With that in mind, we’re now ready to talk about fans. Whenever you’re surrounded by air that is colder than your body temperature, you start to warm up the air around you. As the air around you begins to warm up, it starts to form a layer of warm air*** that serves to insulate your body such that you don’t lose as much heat, and as a result start to feel hotter. A fan helps in this situation because it helps to break up the insulating bubble surrounding you by pushing hot air away and bringing in cooler air. This is a phenomenon known as forced convection.
Now we come to even more bad news. Forced convection works both ways. Consider the following. With a room that has exterior walls, the walls heat up as the sun beats down on them. As they heat up, a layer of warm air forms along the wall. This layer of warm air actually helps to further insulate the wall, limiting the amount of heat energy that can come into the room. However, a fan can break up the layer on the wall just as easily as it can the layer surrounding a person. What this means is that the cooler air that is forced across the wall absorbs energy from the wall faster than the hot air that was there. In other words, the fan allows the room to heat up faster by allowing more heat to transfer through the walls. What all of this means, taken together, is that a fan is usually only a good idea if there is someone around to enjoy it. If no one is home, then it’s probably best to leave it off.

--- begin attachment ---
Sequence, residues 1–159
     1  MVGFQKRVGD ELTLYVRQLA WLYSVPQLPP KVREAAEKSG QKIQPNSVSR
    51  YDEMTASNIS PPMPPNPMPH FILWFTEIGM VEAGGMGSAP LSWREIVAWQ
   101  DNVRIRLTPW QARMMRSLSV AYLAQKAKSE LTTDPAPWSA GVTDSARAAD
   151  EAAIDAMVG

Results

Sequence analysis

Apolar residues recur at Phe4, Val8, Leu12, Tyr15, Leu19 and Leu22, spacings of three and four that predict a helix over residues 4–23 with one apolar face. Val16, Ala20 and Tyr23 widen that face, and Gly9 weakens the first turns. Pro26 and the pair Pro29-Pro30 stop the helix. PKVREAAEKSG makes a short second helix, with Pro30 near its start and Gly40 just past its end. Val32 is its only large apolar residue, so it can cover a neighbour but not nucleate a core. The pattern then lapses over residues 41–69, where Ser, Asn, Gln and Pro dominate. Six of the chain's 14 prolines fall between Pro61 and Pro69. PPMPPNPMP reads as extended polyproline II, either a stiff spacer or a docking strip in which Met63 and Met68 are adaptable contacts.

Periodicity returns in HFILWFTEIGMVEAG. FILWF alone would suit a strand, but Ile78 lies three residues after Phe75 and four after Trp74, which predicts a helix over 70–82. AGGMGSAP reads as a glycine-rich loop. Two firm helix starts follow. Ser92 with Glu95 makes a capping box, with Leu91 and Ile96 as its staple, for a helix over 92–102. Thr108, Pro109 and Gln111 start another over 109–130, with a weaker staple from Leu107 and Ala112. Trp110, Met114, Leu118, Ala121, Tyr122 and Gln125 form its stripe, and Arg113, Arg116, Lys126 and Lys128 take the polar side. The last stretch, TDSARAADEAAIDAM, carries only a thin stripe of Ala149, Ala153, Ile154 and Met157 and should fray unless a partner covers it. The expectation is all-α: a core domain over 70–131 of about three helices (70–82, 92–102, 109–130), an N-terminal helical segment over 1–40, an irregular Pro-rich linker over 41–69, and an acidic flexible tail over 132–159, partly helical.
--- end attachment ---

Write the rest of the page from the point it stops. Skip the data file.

You may have noticed that the statements made in the last two sentences contained qualifying words such as ‘usually’ and ‘probably’. There is a good reason for this. A fan, if used in conjunction with some other form of climate control, can be of great benefit. Consider the following. In a large room with an air conditioning vent on one end of the room, cool air gets pumped into said end of the room, thereby cooling it down. However, this cooling effect will take time to work its way across the room. A well placed fan can speed up this process by pushing cold air from one side of the room, to the other, thereby helping to create more uniform temperature in the room. Consider another example of when it may be beneficial to use a fan in an unoccupied room. At present, the room that I call my bedroom is in a spot in the house such that the ventilation doesn’t reach it very well. In other words, during the winter time, the room doesn’t seem to get as much hot air as the other rooms. During the summer time, the same can be said about cold air. Thankfully, a carefully placed fan by the air vent helps to suck more air out of the vent, thereby bringing more cool air into the room. The fan then is kept on, not because it cools the room down, but because it helps bring in more cool air from the ac vent so that the room will be cooler in the afternoon or evening when I return to it.